There are so many things we routinely call beautiful. Why aren’t organizations one of them? People, nature, animals, art work, buildings, food, drinks, cars, profound experiences, certain actions, hairdos, even shoes, can be and are deemed beautiful. It’s hard to think of some class of entities members of which might not be called beautiful. There are standards of beauty for many of these categories, rules by which an entity is judged to be beautiful or not. There are “beauty pageants” and ”beautiful baby” competitions. There are experts who have credentials in assessing aesthetics. In this celebrity-status world we live in, the “beautiful people” occupy special positions of importance and stature.
Having said all that, however, I imagine it would be as strange for you as it first was for me to consider the notion of a Beautiful Organization. Why is that? A well-designed suit, a creatively engineered building, a carefully aged single-malt Scotch could all be deemed beautiful. We would all “understand” even if we didn’t agree. And, yet, an organization being called beautiful likely would make almost no intrinsic sense to anyone.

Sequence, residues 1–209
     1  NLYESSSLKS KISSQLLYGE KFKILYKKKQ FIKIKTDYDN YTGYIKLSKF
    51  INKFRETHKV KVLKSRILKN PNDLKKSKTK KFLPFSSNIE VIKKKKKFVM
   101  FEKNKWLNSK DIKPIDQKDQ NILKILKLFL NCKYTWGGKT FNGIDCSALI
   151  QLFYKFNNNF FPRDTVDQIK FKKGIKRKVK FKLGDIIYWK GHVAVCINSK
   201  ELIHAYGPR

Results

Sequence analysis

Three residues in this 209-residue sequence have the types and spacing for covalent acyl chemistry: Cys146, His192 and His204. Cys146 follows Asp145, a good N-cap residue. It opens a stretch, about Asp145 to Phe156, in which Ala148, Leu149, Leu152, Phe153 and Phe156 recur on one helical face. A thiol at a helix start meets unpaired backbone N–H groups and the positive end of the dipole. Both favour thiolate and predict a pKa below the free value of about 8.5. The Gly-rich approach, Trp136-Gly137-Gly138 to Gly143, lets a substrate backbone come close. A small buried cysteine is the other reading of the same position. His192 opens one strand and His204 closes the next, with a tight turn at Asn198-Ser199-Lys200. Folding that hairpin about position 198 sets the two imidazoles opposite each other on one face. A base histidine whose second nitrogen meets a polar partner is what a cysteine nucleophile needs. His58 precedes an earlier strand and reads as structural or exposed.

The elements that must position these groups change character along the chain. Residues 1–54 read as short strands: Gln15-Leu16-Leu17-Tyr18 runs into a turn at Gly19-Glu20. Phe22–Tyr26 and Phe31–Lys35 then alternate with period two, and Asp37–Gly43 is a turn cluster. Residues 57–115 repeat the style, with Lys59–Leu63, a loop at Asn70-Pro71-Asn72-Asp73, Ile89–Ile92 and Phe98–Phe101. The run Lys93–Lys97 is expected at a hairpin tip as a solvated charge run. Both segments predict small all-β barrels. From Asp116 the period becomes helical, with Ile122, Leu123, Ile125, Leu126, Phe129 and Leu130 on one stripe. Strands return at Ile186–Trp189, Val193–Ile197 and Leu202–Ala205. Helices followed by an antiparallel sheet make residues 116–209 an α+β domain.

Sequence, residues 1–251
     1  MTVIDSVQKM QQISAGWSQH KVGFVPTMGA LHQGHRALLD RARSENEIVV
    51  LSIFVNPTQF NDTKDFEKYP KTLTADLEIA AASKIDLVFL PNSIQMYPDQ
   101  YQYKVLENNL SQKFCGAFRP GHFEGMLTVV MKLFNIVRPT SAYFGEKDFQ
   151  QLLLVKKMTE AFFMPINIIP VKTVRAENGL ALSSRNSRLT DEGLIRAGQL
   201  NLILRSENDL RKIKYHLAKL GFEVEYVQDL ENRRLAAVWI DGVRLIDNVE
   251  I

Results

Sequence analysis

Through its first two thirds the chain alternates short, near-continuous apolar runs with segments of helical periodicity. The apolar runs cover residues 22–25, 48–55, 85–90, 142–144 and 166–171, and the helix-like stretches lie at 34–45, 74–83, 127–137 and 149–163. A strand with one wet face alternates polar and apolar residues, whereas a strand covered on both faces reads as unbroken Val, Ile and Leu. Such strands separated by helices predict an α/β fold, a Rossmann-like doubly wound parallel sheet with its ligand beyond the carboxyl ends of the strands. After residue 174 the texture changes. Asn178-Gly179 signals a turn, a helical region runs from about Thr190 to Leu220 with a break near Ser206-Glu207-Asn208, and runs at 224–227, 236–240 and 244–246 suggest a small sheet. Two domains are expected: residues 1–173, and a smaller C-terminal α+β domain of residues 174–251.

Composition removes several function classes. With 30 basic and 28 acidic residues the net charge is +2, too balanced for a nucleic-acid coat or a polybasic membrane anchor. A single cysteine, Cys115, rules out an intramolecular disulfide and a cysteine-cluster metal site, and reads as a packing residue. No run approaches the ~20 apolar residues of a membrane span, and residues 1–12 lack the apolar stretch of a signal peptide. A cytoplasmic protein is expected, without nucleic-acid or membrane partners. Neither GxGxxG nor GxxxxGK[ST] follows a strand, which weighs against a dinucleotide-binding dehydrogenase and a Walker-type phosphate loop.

When we say something is beautiful, we are, of course, making a judgment. We are saying that it satisfies some standard of excellence or aesthetic standard. We are saying that it brings pleasure to the observer or participant. A beautiful sunset, after all, induces a certain awe and appreciation. It makes us pause to enjoy it. Being in the presence of something beautiful brings us closer to a world beyond the day-to-day ordinariness of life into the presence of something wonderful and rare, something worth savoring, taking in. Seeing or experiencing something beautiful touches us, providing us with an experience beyond the normality of daily life. When we are in the presence of something beautiful, even for a brief moment, we are transported in a joyful and uplifting way. We come away from an encounter with beauty enhanced and enriched. It feeds us in a way some term “spiritual”. When we are in the presence of something extraordinarily beautiful, like a timeless work of art, a profound poem or a person we can be transformed. We have all had this experience. We know what it feels like.
What would an organization need to look and feel like to be felt to be, and called, beautiful? That is the question. It taxes the imagination to conjure that.